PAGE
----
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UCLA

Carol Burnett to Receive Mark Twain Prize for American Humor

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By Mary Daily

Published May 23, 2013 2:28 PM


The comedian, who discovered her love for acting at UCLA, is being recognized for seven decades of memorable performances.

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Carol Burnett's impact on our society is right up there with Mark Twain's, according to The John F. Kennedy Center in Washington, D.C., which has named her this year's winner of the annual Mark Twain Prize for American Humor. The actress and comedian was chosen for her versatile body of work on stage and screen spanning seven decades. She is the first woman to win both the Twain prize and the Kennedy Center Honors, which she received in 2003.

"We are delighted to pay tribute to this unique and beloved entertainer," Kennedy Center Chairman David M. Rubenstein said in a statement. "From her television program and appearances, as well as her performances on Broadway and in film, Carol Burnett has entertained generations of fans with her vibrant wit and hilarious characters."

Burnett is best known as the star of her own CBS variety show for 11 years, which garnered 25 Emmy awards and averaged 30 million viewers each week. She also has appeared in such films as Annie, Noises Off and Pete 'N' Tillie and on television dramas, including Glee and All My Children. She was inducted into the Television Academy Hall of Fame in 1985, the same year she received the UCLA Medal.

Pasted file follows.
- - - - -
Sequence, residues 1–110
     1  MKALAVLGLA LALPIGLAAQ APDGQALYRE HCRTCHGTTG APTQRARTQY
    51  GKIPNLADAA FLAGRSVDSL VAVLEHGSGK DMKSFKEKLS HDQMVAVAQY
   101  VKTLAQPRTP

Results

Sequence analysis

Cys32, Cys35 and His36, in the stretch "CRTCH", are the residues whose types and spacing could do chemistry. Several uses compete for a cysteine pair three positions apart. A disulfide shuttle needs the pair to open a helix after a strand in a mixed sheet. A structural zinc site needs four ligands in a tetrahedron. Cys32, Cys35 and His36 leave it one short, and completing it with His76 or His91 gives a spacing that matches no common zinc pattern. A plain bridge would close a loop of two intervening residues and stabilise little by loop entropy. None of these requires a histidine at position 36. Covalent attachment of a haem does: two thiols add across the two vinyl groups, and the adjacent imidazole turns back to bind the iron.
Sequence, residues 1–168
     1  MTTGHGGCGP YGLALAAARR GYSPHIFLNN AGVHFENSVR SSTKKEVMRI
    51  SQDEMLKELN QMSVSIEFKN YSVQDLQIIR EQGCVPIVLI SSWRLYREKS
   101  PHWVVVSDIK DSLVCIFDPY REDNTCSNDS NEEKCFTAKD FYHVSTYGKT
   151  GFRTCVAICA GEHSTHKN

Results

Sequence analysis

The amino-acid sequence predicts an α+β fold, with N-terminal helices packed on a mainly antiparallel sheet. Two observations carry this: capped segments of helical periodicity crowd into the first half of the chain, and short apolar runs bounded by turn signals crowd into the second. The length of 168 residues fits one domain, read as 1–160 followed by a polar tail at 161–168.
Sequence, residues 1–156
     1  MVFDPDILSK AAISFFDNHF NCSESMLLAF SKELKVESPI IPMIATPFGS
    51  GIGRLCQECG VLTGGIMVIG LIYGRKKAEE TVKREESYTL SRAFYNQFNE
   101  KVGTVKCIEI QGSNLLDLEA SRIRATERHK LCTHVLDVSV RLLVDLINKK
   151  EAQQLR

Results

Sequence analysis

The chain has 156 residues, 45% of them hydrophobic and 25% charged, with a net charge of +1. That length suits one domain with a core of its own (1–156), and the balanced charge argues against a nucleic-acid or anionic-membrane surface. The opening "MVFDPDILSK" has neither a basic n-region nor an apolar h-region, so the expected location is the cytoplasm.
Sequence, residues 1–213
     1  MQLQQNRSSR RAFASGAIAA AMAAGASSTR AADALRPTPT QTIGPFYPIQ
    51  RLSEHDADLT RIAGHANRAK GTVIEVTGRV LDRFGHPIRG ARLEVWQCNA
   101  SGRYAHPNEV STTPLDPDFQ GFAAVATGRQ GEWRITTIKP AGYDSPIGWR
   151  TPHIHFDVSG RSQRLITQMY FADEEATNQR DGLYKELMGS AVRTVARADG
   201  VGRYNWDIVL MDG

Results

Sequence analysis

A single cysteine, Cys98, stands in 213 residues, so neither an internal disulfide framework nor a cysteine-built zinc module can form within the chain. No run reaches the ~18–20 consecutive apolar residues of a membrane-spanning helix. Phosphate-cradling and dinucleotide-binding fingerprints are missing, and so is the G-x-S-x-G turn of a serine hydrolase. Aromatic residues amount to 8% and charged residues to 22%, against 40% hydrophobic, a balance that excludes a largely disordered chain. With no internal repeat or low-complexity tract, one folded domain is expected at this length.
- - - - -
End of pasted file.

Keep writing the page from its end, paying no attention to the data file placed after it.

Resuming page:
"She is iconic, really funny and has been her entire life," Cappy McGarr, an executive producer of the Mark Twain Prize for Humor program, told the Washington Post. "She makes us laugh at ourselves and laugh together. That's the great thing about Carol Burnett."

When the native Texan came to UCLA in 1951, an anonymous donor covered her $43 tuition. Having been the editor of the Hollywood High newspaper, she aspired to a career in journalism and joined the Daily Bruin. But when she learned there was no journalism major here, she chose theater arts-English, which included playwriting and first-year courses in scenery, lighting and acting. It was there that she realized she loved to perform.

At a party for the head of UCLA's music department, she wowed the audience with a scene from Annie Get Your Gun, and a couple in attendance offered to lend her $1,000 to go to New York and launch her career. (Read more about her UCLA experiences at Classy Clown.) She left before graduating and made her Broadway debut in 1959 in the musical Once Upon a Mattress. She repaid the loan five years to the day after receiving it.

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Previous winners of the Twain prize include Ellen DeGeneres, Will Ferrell, Tina Fey and Bill Cosby. Burnett will receive hers at the Kennedy Center on October 20, and the ceremony will air on PBS on October 30.

In signature Burnett style, she said in a statement, "I can't believe I'm getting a humor prize from the Kennedy Center. It's almost impossible to be funnier than the people in Washington."

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